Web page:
Bad Wimpfen Faschingsumzug Feb 12

On Tuesday, we went to Heidelberg's Fasching parade, which was comforting in its sameness. Every year we see the Perkeo guys with flags, the creepy goat float, the Ratz Fatz marching band, the witches from Ziegelhausen, and the big Sunshine Live roving party at the very end. The weather was beautiful and a good time was had by all...though I'm still finding confetti around the apartment after having a big handful of it rubbed into my hair by a Buehlertal Felsenteufel. ;)

Heidelberg Faschingsumzug Feb 12

Lest anyone think I only get excited about German parades, here are my photos from what could be considered my "first love" when it comes to parades - my hometown's yearly Big Parade.  I hear lots of bitching every year about how lame Fasching/Karneval/whatever is, but I love getting to see some marching bands, enjoying some lovingly half-assed homemade decorations, and getting beaned by a few Maoams or Tootsie Rolls.  It's fun! And free! :)

Some previous years:
Heidelberg 2007:
Endingen 2007:

Sunday, February 12, 2012

Frozen Neckar, February 2012

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Not sick of all my gushing about the ice yet? I made a Picasa album just for the 2012 Freezin' o' the Neckar. The forecast calls for a return to our usual winter weather - cloudy and rainy - by Wednesday.

Frozen Heidelberg Feb 12

Saturday, February 11, 2012

More Ice!

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Overnight the ice built up all the way to the Old Bridge! With all the water frozen, Heidelberg feels colder than ever. Some boats still charged through today so I guess it's not that thick.  Could it get thick enough to walk on, though?  Wouldn't that be cool?  The Monday forecast has been revised to a high of 0'C....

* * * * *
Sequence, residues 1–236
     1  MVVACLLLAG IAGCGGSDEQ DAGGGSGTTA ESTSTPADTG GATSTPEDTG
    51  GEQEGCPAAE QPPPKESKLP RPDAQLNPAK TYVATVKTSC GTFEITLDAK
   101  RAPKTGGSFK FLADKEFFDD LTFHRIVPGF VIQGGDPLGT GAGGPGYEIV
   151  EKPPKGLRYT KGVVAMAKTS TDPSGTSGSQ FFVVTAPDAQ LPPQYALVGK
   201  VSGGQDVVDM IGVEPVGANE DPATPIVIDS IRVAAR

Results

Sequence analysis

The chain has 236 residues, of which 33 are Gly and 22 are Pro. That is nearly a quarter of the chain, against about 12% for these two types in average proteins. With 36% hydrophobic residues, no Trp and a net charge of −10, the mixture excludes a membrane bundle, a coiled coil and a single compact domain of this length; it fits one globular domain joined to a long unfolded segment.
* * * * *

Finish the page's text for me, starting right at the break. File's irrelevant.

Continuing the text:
We went to Mannheim to meet with a friend for dim sum today and caught the S-Bahn at Karlstor, giving us the opportunity to walk over the Wehr and see what's going on there.  Water was pouring over, and thin sheets of ice that had been floating on top were cracking off and falling over the edge, with yet more satisfying ice-related noises.  I took a video to demonstrate. :)  All those broken chunks then float down to the big ice patch and glom on, resulting in that bumpy, patchy look above. 


Friday, February 10, 2012



As of now, ice is accreting all the way across the river by the Neckarwiese! All these thin sheets of ice are floating downstream and getting caught up in a big mass. Where the free-flowing sheets meet the big ice, there are these incredibly satisfying ice-crunching noises, a lot like stepping on big crispy leaves.

Also: brrrr.

Winter in the Cave Apartment

Our windowsills in winter.
It's that time of year again - the time when the German Apartment-Airing-Out Religion becomes a very unpleasant chore indeed. It's been below freezing for days, but the airing out of the apartment must continue to be done for many minutes every day!  Brr!  Yet I still find myself wiping condensation off the windows multiple times a day.  Thankfully, there has not been any recurrence of the mold problems we had in previous years, even though I haven't been as vigilant about airing-out as I'm supposed to be.  I think the change is mostly due to our purchase of a dehumidifer and to keeping a door in the building hallway open to the stairwell, resulting in subtle but possibly significant changes in the air circulation here in our cave. 

Last night the air in Heidelberg was incredibly still.  The lack of wind combined with the thin sheets of ice forming on the river made the Neckar appear to not be moving at all.  Today the breeze has picked up again and it's back to normal (with a side of ice).  I don't think we'll be walking on the Neckar any time soon, and it's supposed to thaw on Monday - but you can party on the frozen Alster in Hamburg